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Chapter 5—The Church a Training Center

The Need of the Hour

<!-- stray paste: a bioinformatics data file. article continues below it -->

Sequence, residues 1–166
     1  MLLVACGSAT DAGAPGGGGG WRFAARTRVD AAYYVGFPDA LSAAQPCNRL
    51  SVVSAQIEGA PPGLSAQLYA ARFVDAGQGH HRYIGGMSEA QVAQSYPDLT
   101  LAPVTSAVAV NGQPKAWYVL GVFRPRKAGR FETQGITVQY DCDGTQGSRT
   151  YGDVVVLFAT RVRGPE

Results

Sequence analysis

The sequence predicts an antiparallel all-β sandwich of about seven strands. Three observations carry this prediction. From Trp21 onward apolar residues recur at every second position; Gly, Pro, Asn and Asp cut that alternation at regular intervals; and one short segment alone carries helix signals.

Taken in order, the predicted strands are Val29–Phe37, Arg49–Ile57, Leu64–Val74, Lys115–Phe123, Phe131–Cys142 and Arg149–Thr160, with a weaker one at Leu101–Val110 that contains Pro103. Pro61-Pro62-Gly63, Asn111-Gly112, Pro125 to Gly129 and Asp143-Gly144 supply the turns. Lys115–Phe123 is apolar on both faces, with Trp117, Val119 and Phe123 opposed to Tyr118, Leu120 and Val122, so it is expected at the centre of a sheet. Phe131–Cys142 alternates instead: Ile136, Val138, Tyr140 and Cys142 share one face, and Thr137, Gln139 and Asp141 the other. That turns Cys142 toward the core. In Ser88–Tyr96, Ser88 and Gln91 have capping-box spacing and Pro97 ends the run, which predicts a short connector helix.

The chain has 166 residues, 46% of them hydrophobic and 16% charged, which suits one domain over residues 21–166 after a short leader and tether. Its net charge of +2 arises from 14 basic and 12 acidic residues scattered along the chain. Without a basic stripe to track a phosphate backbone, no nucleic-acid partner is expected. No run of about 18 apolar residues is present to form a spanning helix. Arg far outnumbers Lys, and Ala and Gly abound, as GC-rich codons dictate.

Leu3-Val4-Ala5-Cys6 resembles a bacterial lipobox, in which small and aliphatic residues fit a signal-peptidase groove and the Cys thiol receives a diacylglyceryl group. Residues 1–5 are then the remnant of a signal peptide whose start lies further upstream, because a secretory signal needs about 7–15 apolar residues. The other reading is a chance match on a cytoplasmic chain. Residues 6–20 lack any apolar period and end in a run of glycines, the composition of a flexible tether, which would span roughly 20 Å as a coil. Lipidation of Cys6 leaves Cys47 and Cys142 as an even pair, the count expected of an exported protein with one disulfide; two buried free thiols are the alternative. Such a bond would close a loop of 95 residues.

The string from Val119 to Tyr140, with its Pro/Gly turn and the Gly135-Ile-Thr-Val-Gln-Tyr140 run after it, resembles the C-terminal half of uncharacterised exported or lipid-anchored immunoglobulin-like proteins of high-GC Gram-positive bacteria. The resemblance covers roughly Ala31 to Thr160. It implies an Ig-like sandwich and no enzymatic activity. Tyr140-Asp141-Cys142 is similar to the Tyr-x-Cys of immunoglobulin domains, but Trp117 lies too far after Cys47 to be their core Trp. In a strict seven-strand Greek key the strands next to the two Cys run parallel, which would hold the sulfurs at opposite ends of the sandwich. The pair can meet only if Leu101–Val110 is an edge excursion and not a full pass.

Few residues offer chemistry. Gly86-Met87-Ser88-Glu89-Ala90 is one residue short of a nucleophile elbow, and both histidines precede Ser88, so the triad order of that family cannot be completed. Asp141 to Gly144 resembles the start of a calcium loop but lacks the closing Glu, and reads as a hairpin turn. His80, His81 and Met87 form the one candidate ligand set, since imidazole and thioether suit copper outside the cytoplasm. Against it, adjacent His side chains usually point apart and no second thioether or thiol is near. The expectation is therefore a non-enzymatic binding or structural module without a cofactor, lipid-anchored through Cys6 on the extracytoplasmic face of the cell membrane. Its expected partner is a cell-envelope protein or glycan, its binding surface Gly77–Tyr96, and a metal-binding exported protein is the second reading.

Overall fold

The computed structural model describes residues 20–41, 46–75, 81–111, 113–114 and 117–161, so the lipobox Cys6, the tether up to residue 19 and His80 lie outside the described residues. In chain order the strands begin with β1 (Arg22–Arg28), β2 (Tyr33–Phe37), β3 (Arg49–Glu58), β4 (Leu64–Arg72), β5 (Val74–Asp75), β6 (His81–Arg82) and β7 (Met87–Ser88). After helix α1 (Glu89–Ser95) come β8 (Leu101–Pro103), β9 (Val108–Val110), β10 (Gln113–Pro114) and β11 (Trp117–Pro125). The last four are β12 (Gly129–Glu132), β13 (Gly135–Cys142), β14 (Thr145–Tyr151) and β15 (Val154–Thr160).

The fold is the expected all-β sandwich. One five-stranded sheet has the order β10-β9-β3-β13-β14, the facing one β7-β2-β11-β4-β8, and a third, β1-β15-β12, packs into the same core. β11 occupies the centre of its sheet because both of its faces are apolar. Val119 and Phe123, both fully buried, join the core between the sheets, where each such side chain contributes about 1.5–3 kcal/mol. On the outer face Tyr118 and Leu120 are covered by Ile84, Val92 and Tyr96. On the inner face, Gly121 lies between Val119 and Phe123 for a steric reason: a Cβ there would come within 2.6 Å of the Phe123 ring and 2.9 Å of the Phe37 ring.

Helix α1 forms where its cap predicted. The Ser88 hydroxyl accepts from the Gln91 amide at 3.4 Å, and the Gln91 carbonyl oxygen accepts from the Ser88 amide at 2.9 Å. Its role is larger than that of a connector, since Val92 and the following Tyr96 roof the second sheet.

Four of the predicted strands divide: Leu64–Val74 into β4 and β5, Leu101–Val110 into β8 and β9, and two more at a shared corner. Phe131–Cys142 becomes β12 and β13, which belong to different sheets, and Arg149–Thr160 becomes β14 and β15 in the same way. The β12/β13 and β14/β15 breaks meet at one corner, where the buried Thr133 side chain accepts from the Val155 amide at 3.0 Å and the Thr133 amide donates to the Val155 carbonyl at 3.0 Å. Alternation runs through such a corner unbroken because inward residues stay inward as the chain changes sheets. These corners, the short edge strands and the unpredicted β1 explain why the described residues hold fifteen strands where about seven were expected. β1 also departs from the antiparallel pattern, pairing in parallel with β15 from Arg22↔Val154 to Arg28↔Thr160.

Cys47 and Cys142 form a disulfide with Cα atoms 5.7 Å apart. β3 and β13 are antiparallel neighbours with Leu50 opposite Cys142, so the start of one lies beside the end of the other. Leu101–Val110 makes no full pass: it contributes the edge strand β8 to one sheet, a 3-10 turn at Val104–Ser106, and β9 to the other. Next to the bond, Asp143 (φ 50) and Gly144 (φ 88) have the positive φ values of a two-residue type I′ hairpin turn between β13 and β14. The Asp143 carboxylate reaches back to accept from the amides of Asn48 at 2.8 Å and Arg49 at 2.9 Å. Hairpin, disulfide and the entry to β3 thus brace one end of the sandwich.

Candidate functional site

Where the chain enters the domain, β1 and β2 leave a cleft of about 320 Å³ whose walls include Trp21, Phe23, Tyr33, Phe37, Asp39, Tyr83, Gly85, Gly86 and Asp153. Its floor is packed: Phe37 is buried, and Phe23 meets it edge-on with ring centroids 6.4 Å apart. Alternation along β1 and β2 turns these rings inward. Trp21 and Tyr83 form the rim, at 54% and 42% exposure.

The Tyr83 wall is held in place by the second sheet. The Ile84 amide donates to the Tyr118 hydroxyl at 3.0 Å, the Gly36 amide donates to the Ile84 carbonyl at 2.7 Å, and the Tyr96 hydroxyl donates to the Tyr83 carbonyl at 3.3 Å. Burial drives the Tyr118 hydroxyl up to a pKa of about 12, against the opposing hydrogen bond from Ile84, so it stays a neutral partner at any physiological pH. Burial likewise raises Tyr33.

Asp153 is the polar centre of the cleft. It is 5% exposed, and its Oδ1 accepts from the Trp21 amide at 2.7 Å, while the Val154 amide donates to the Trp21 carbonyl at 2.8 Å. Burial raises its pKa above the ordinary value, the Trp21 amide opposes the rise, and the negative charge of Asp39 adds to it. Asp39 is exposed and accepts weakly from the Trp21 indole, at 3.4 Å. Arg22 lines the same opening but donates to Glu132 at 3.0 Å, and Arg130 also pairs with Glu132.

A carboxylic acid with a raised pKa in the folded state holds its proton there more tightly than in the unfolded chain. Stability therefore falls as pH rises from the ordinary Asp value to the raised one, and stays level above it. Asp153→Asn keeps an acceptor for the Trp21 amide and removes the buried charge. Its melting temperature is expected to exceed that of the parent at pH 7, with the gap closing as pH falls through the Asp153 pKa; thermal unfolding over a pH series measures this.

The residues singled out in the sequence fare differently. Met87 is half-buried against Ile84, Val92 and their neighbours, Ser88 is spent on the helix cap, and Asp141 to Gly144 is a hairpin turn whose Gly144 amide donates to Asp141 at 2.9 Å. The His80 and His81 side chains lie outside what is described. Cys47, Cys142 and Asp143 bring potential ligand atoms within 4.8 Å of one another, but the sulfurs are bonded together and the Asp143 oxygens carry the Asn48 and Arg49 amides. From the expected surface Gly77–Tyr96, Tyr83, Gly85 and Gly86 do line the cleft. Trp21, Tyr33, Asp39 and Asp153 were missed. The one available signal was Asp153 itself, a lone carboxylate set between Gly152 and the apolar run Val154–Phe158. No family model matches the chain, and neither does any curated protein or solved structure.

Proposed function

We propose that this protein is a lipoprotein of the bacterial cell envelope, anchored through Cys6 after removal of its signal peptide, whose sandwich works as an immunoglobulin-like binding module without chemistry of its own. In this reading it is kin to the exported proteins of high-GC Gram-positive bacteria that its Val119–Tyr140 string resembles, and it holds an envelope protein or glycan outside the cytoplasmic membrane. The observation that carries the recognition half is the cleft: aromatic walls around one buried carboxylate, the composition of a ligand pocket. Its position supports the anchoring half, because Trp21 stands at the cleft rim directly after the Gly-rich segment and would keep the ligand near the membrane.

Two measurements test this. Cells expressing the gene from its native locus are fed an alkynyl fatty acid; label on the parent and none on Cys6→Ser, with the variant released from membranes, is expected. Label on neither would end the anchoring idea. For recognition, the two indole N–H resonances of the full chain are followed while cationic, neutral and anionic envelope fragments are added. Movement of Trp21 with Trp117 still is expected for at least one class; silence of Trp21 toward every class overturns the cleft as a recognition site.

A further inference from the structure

That which is needed now for the upbuilding of our churches is the nice work of wise laborers to discern and develop talent in the church,—talent that can be educated for the Master's use. There should be a well organized plan for the employment of workers to go into all our churches, large and small, to instruct the members how to labor for the upbuilding of the church, and also for unbelievers. It is training, education, that is needed. Those who labor in visiting the churches should give the brethren and sisters instruction in practical methods of doing missionary work.—Testimonies for the Church 9:117.God expects His church to discipline and fit its members for the work of enlightening the world. An education should be given that would result in furnishing hundreds who would put out to the exchangers valuable talents. By the use of these talents, men would be developed who would be prepared to fill positions of trust and influence, and to maintain pure, uncorrupted principles. Thus great good would be accomplished for the Master.—Testimonies for the Church 6:431, 432.Every worker should be understandingly efficient. Then in a high, broad sense he can present the truth as it is in Jesus.—Testimonies for the Church 7:70.There should be no delay in this well-planned effort to educate the church members.—Testimonies for the Church 9:119.The greatest help that can be given our people is to teach them to work for God, and to depend on Him, not on the ministers.—Testimonies for the Church 7:19.It is evident that all the sermons that have been preached have not developed a large class of self-denying workers. This subject is to be considered as involving the most serious results. Our future for eternity is at stake. The churches are withering up because they have failed to use their talents in diffusing light. Careful instruction should be given which will be as lessons from the Master, that all may put their light to practical use.—Testimonies for the Church 6:431.The people have had too much sermonizing; but have they been taught how to labor for those for whom Christ died? Has a line of labor been devised and placed before them in such a way that each has seen the necessity of taking part in the work?—Testimonies for the Church 6:431.It is by education and practice that persons are to be qualified to meet any emergency which may arise; and wise planning is needed to place each one in his proper sphere, that he may obtain an experience that will fit him to bear responsibility.—Testimonies for the Church 9:221.